G.W. Marriott



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Marriott details the resolution of a dispute between bishops and discusses recent subscriptions and support in England for Chase's cause.






Bishop Chase, Bishop Hobart, subscriptions, Ohio, Diocese, England voyage


May 11. 1824

My dear Robt.

I never saw your letter till Post-time had very nearly arrived, and could only send the printed paper of Bishop H. to you, as a proof that amity and union were restored between him and Bp. C. I now proceed, according to my promise, to detail certain facts, which will do away all doubt on the subject. When I knew Bp. H. only by having dined once in his company, a correspondence took place between a friend of this Bp. and myself, on the subject of the questions then on the [tapis] between him and Bp. C. & my Correspondent having sent my letters to Bp. H., the Bp. called on me. He expressed his approbation of my sentiments, especially with reference to an endeavor to quench, by some conciliatory measure, those unhappy feelings which otherwise might lead to a mischievous schism in an infant Church. This was followed by our instantly [drawing] up preliminaries of peace, on the observance of which Bp. H. undertook to support, instead of opposing, the subscription for Ohio. The single item of union, between the general Seminary and Ohio for subscriptions, was objected to by Bp. C., who cordially hailed the opportunity and prospect of peace. I own I did not then feel convinced that this objection was necessary, tho’ I had no doubt of the Bp.s full and most conscientious persuasion that it was so. I am now entirely of the same opinion, without an iota of doubt attaching to the subject, and further believe that the object of union would have been defeated, rather than promoted, by writing for subscriptions, especially in America, where two parties already existed, and this measure would have created a third. That this single objection did not prevent the treaty Bp. H’s printed Paper fully [shews].

The principal objection of Bp. H. to the measures of Bp. C. (for of no personal difference have we heard) were, as expressed in his published letter, “the expediency of avoiding all application to a foreign source” for the American Church, “a sentiment of national pride which renders many averse to our Church lowering herself to the attitude of a supplicant for foreign bounty,” and the hope that “if this office, so humiliating to the Church, must be performed, it would not be assumed by one of her highest Officers.” These objections would have ceased, if no reconciliation had occurred, having been removed by Bp. Hobart’s newly adopted line of conduct.

On the queries you suggest I could say much. The reception of Bp. C. by the Heads of our Hierarchy has certainly been most encouraging. A prejudice had been created in the mind of the Primate, who conceived the authority of the House of Bishops was excluded by the Constitution of the Ohio Seminary; and the Archbp. of York thought that Bp. C’s Diocese was within the province of New York, and consequently that Bp. H’s authority was decisive and ought to regulate the question. On both these points their Graces were better informed by the Bp., and both immediately promised their support to his measure. The Bp.s of London, Durham, St. David’s, St. Asaph, Chester, Lichfield and Limerick have since done so, and the rest of the Bench will be addressed without delay. The Bishop of Durham has declared his subscription, which will be £100. The Countess Dowager of Rosse has sent £200, and £100 to the Bishop for his personal benefit, which he has requested to be allowed to apply to the erection of a Chapel for the College in Ohio. The highest orders are daily more and more, as they are informed of the subscription, encouraging the measure. All I know of Mr Norris’s present feelings is from Lord Kenyon, who told me that he met Mr N at Lambeth on Saturday, where he said he would support Bishop Chase, if he would unite with Bishop Hobart for subscriptions. On this Lord K. observed that there could be no objection remaining in Mr. N’s mind on the score of principle.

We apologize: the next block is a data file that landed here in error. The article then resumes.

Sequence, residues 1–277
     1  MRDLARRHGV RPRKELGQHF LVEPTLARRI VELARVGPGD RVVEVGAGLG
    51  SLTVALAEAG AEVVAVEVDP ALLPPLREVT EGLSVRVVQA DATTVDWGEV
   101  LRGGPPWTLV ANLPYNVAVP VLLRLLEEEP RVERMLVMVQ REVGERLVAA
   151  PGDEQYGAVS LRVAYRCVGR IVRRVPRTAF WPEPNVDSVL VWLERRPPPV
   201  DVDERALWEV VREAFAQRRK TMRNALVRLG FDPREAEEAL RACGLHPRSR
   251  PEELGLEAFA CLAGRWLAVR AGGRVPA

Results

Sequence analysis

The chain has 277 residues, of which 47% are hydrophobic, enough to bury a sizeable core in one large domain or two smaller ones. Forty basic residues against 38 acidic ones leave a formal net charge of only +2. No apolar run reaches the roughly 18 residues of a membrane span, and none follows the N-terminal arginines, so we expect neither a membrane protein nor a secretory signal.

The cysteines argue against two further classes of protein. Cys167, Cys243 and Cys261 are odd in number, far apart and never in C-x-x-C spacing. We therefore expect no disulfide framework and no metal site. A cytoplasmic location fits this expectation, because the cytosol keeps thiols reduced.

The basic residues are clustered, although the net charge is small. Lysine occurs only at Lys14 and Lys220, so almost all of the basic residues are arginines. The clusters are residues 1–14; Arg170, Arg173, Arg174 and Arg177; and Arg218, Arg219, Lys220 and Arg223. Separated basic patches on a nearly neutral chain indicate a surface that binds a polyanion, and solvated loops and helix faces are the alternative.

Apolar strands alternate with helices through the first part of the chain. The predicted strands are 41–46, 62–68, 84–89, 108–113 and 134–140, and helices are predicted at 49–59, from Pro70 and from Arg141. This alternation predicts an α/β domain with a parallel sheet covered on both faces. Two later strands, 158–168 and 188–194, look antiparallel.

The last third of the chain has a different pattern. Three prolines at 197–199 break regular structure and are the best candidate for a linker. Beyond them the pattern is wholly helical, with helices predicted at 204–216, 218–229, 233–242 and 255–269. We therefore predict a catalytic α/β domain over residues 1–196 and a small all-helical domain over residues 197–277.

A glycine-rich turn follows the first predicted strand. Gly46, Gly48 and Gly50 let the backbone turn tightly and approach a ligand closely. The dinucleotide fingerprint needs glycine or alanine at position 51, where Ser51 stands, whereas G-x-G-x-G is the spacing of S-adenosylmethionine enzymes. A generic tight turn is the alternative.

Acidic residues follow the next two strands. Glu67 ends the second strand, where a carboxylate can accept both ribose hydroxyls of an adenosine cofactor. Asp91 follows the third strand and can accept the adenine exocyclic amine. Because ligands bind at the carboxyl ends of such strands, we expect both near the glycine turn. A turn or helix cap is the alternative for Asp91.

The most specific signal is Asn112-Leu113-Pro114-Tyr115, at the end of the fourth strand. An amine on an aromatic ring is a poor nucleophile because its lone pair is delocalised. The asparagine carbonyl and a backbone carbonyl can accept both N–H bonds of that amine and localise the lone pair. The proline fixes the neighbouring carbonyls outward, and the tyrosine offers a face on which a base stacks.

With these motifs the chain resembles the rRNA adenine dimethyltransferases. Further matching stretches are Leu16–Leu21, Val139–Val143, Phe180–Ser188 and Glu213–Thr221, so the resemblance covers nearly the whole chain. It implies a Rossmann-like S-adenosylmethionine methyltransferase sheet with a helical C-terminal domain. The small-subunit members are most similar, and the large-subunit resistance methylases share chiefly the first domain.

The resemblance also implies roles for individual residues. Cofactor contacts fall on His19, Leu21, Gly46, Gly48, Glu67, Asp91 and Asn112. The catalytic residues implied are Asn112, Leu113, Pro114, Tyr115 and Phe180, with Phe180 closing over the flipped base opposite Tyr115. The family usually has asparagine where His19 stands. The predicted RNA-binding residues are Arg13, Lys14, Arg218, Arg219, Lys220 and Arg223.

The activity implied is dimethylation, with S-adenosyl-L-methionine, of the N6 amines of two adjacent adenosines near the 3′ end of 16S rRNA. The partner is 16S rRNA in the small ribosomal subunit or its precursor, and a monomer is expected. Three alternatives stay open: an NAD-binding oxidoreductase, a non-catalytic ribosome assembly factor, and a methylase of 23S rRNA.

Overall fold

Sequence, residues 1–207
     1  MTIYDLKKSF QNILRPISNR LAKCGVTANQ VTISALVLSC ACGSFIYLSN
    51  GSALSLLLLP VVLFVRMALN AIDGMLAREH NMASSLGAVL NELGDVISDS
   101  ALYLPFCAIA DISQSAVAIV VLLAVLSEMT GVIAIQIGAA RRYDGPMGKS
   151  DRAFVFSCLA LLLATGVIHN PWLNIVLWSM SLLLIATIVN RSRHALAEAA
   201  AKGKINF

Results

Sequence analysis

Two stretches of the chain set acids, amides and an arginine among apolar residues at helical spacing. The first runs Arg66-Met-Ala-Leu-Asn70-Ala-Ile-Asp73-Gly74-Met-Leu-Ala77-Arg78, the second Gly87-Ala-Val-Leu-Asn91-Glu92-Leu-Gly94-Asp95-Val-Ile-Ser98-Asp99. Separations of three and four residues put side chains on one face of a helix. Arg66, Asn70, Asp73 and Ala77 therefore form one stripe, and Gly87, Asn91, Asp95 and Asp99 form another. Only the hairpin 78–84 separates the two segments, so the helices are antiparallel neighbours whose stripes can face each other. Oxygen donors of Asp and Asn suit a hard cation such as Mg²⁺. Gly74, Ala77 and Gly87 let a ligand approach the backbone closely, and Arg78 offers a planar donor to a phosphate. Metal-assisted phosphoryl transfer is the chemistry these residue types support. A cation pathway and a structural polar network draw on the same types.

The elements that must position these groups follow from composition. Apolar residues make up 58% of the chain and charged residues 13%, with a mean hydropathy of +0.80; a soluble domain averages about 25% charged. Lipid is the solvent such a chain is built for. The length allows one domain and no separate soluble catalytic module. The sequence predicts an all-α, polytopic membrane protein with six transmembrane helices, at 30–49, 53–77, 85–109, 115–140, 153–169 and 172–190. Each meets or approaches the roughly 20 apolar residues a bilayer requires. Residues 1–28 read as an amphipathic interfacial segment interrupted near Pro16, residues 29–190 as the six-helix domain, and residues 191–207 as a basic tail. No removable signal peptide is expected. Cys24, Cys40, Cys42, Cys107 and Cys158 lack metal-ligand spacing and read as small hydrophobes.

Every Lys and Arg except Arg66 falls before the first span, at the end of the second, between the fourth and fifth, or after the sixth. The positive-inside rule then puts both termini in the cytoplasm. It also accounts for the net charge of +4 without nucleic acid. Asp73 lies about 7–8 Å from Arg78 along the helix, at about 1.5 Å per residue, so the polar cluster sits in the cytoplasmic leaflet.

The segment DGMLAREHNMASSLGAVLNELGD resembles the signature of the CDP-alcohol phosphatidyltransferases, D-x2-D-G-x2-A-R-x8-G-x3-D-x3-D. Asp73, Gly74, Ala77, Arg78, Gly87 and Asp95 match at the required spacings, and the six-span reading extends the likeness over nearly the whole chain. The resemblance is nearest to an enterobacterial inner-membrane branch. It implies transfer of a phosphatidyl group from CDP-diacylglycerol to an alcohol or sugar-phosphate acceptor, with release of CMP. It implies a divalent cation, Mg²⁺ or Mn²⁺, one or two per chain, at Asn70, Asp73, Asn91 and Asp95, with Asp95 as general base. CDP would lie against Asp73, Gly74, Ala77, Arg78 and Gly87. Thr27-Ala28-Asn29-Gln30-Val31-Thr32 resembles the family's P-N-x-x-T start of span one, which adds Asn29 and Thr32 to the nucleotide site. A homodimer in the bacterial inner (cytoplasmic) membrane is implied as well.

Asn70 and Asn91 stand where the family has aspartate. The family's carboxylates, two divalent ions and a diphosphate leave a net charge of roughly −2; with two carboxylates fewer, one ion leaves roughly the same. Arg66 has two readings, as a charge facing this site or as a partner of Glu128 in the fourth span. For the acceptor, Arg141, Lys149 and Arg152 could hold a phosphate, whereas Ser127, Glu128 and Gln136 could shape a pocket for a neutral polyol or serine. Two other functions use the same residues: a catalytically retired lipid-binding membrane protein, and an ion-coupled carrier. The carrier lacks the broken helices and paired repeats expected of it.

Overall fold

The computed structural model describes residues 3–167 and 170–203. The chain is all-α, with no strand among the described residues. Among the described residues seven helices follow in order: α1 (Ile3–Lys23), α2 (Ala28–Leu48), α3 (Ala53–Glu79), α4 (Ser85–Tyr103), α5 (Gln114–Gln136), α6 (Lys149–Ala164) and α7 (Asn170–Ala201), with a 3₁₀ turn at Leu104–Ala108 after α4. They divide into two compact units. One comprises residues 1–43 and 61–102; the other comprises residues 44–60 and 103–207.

I heartily wish success to your exertions for Bp. Chase’s measure. His object appears to me most truly Christian; and, while his Mission any ardor is beyond any modern example I know, I cannot discern a spark of fanaticism either in his principles or feelings. As to the dissensions alluded to it is hardly fair to consider him a party in them. They neither in the smallest degree originated with him, nor were adopted by him. He has not resorted to recrimination, nor even to self-vindication, tho’, to my knowledge, goaded to both these by Friends in England, and by Friends and Relations in America; but has acted up to the spirit of every profession so uniformly made in favor of union and peace; and has thus, I have not the least doubt, but best consulted the welfare of the whole Church, and the prosperity of his measure for the benefit of his own Diocese.

I am yr.s affect.y,

G. W. M.

Queen Square

May 11th 1824

To Robert Marriott Caldecott [?]

[Brazenose] Coll:


Letter to R. M. Caldecott



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